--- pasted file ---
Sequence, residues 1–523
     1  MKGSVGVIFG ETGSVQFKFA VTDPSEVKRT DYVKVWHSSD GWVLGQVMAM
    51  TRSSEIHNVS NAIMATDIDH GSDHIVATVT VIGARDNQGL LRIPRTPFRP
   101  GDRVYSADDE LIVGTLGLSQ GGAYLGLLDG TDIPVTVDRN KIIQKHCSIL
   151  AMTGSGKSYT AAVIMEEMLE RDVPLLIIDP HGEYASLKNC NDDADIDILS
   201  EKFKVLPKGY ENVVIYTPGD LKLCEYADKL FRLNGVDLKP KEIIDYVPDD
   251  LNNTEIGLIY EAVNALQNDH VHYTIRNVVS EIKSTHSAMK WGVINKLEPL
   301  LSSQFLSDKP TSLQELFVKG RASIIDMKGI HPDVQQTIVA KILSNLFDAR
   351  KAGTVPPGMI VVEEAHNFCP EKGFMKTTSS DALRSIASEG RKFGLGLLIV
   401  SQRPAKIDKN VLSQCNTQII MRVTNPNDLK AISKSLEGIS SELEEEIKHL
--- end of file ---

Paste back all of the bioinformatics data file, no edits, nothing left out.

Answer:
Sequence, residues 1–523
     1  MKGSVGVIFG ETGSVQFKFA VTDPSEVKRT DYVKVWHSSD GWVLGQVMAM
    51  TRSSEIHNVS NAIMATDIDH GSDHIVATVT VIGARDNQGL LRIPRTPFRP
   101  GDRVYSADDE LIVGTLGLSQ GGAYLGLLDG TDIPVTVDRN KIIQKHCSIL
   151  AMTGSGKSYT AAVIMEEMLE RDVPLLIIDP HGEYASLKNC NDDADIDILS
   201  EKFKVLPKGY ENVVIYTPGD LKLCEYADKL FRLNGVDLKP KEIIDYVPDD
   251  LNNTEIGLIY EAVNALQNDH VHYTIRNVVS EIKSTHSAMK WGVINKLEPL
   301  LSSQFLSDKP TSLQELFVKG RASIIDMKGI HPDVQQTIVA KILSNLFDAR
   351  KAGTVPPGMI VVEEAHNFCP EKGFMKTTSS DALRSIASEG RKFGLGLLIV
   401  SQRPAKIDKN VLSQCNTQII MRVTNPNDLK AISKSLEGIS SELEEEIKHL